At over 60 years of age, Las Vegas Art Museum has existed for almost as long as the city itself, even if it has been less celebrated. As you traipse through the 6,000 square feet of exhibition space, which showcases local, national, and even international artists, you might forget you’re in a city best known for gambling and nightlife. Las Vegas Art Museum is also a great place to take your children if you’re on a family trip, as it features a special children’s section.
If there’s one museum you’re probably not surprised to find in Las Vegas, it’s the Neon Museum. Indeed, rather than focusing on neon gas or even on neon signs in general, Las Vegas’ neon museum showcases specific signs from throughout Las Vegas’ history and tells you the story of their design, legacy and even the people who created them. Keep in mind that due to popular demand, you’ll need to book an organized tour to visit the Neon Museum.
Las Vegas Natural History Museum
Before Las Vegas was the world’s top tourist destination, it was part of the breathtaking natural landscape that now surrounds the city, so if you don’t have time to drive out into the desert and explore, there’s no better way to appreciate Las Vegas’ past than by visiting the Las Vegas Natural History Museum. With exhibits that cover the present geology, vegetation and wildlife of the Las Vegas area from today all the way back to prehistory, Las Vegas Natural History Museum will make you appreciate Las Vegas even more than you do already.
Las Vegas isn’t just a neon-filled city in the middle of the desert – it’s a neon-filled city in the middle of a desert with an exciting history that spans literally millions of years!
Lied Discovery Children’s Museum
If there’s one place that proves Las Vegas can be a family travel destination, it’s the Lied Discovery Children’s Museum. Ongoing exhibits here will keep your children just as stimulated as Las Vegas’ casinos keep you, with mock festival stages, an interactive laboratory for aspiring scientists, and even a futuristic eco-city that highlights the importance of sustainable design and infrastructure.
But let’s face it: It’s not like Lied Discovery Children’s Museum – or any of these museums – should really be that shocking. After all, Las Vegas has won the hearts and minds of the world by surprising us. Who said all the surprises had to be R-Rated?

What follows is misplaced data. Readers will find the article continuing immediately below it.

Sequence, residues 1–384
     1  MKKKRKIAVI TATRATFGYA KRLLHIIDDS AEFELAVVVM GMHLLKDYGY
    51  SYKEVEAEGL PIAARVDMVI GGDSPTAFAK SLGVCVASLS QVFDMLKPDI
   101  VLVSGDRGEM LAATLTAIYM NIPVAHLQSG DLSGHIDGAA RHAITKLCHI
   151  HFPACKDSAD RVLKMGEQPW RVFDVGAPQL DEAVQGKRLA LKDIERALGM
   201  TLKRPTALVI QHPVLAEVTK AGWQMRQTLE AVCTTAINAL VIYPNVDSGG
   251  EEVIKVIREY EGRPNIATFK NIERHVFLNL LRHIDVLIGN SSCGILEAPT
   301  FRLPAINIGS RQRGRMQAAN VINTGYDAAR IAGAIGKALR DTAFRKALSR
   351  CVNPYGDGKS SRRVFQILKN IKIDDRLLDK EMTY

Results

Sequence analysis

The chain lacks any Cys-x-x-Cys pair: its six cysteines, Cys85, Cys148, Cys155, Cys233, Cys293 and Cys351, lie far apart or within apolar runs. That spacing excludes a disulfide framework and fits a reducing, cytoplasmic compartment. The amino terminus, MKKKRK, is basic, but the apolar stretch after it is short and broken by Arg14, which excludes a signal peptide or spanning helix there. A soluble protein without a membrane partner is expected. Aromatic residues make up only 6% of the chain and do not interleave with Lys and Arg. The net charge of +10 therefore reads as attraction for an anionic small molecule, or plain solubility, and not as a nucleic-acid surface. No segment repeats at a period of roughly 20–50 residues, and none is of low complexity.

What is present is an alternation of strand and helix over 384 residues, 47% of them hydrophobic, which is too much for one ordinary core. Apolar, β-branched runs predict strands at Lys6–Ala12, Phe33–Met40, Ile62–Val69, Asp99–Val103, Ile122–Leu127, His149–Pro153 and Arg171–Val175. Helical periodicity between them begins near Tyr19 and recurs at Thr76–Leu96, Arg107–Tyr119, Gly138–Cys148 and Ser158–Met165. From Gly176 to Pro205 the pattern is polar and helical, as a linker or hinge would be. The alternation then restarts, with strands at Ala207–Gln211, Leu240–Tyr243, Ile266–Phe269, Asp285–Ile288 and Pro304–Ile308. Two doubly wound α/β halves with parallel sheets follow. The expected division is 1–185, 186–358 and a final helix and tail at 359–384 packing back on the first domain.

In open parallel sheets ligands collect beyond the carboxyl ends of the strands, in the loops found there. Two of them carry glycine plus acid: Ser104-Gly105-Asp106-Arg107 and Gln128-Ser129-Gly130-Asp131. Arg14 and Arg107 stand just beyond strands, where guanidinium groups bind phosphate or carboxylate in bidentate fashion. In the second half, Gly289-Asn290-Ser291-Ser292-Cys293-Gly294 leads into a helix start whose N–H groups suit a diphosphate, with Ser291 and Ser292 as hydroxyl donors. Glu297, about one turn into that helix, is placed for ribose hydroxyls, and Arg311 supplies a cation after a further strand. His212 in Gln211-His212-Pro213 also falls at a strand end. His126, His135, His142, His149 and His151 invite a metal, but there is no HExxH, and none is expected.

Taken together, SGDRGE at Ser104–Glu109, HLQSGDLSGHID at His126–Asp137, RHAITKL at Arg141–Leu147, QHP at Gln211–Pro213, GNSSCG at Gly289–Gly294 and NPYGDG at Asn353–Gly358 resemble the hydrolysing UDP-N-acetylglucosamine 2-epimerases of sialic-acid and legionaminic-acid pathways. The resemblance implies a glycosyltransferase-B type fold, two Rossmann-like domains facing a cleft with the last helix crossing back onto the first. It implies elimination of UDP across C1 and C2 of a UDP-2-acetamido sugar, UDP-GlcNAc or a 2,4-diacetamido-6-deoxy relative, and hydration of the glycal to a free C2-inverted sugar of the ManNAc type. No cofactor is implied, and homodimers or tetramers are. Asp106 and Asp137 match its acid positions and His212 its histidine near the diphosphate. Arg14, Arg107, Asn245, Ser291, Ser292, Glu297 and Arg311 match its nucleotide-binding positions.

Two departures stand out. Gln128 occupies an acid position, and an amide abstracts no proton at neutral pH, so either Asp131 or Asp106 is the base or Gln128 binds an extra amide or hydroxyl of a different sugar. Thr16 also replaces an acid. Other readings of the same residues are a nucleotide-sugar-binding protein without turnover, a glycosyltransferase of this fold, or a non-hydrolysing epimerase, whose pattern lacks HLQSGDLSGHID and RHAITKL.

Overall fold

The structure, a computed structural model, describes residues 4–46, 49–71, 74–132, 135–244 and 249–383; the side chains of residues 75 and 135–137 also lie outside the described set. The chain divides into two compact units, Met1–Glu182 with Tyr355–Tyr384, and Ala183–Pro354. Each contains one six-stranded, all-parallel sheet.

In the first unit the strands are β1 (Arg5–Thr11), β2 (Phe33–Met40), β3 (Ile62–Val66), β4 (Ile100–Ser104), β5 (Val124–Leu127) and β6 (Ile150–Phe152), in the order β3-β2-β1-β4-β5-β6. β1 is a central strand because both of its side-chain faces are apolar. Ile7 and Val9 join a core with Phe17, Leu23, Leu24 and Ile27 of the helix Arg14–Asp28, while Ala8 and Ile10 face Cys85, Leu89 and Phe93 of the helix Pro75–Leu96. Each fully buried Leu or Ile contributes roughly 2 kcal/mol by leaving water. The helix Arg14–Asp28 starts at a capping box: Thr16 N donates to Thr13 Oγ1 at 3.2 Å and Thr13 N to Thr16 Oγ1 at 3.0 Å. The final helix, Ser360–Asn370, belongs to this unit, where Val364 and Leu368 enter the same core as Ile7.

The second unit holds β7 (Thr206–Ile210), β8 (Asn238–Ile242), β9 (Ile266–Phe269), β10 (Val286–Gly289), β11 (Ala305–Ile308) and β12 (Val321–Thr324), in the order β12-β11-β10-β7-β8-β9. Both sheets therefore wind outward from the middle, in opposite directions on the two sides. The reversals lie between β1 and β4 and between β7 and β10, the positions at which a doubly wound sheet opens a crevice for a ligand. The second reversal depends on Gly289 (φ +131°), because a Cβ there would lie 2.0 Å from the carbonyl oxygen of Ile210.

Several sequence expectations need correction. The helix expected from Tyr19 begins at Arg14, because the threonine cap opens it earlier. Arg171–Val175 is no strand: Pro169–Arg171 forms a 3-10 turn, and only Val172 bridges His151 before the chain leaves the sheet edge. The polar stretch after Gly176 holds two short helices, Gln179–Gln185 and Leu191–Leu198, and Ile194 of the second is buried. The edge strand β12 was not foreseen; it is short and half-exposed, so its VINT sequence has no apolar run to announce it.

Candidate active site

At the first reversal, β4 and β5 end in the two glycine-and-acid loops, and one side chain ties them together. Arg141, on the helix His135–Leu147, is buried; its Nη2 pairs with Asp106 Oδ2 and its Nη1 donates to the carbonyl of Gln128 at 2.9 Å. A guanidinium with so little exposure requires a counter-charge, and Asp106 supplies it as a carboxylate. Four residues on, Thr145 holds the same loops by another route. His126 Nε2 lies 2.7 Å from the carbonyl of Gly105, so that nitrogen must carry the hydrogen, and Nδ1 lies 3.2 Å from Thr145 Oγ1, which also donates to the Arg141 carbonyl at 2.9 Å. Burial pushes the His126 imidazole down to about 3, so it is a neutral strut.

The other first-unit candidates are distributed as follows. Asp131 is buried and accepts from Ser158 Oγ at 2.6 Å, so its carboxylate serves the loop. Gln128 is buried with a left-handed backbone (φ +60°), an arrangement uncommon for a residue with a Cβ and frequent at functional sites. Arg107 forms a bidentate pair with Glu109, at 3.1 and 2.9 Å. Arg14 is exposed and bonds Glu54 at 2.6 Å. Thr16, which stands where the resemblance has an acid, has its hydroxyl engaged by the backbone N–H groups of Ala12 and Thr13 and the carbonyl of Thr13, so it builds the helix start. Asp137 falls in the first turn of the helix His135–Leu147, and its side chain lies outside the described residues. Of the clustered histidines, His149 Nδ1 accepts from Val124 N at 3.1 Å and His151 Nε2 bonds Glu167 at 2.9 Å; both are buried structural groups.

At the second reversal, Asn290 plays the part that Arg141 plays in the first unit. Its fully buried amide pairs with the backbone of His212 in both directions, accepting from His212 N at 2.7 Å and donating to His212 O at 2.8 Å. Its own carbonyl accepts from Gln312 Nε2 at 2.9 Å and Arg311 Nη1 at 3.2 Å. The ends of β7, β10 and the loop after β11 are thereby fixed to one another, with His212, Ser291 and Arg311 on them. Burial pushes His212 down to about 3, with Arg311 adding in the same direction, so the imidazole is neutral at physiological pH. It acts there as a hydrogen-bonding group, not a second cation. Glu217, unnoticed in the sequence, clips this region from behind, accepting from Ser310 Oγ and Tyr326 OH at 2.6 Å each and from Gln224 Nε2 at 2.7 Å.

Image credit is from wikipedia.org/wiki/Vegas_Vic#mediaviewer/
If you have Rwanda on your list, chances are you want to head to to northern Rwanda with one goal in mind: Trekking into Volcanoes National Park in search of mountain gorillas. I have good news for you, and I have better news for you.
The good news is that seeing gorillas in Rwanda is an extremely straightforward process. Once you book your gorilla permit and travel to Musanze, in the country’s northern province, go to the headquarters of Volcanoes National Park at around 7 a.m. on any given morning, where you’ll be paired up with a guide who will accompany you on your trek to meet with your designated gorilla “family.” After 2-3 hours of trekking, you will spend up to one hour with the family, a once-in-a-lifetime experience that more than lives up to the hype.
The better news is that while gorilla trekking is the most ubiquitous activity in Rwanda, it is not the best. Or at least, it was not my favorite.
You see, as much as I loved getting up-close-and-personal with the great apes, I felt totally detached from the local community. I was hiking through fields, but wasn’t allowed to stop and talk to the farmers. I was driving through small towns and waving to villagers, but couldn’t get out of the car and give them hugs. I was in Rwanda, but the only Rwandans I came in contact with were people employed exclusively for the purpose of entertaining me. I felt detached which removed all the things I love most about travel.
I stayed at Red Rocks and the array of activities I did during my time there was incredible, even on paper. I learned how to weave baskets from a woman named Veronica – and I wasn’t half bad at it! Then, in no particular order, I peeled (and chowed down on) a raw sugar cane, helped prepare a traditional Rwandan meal, went fishing in a swamp, visited a banana beer factory and taught Rwandan high schoolers yoga for the very first time in their lives, to say nothing of the emotional connections I formed with every single person I met. And I do mean every single person!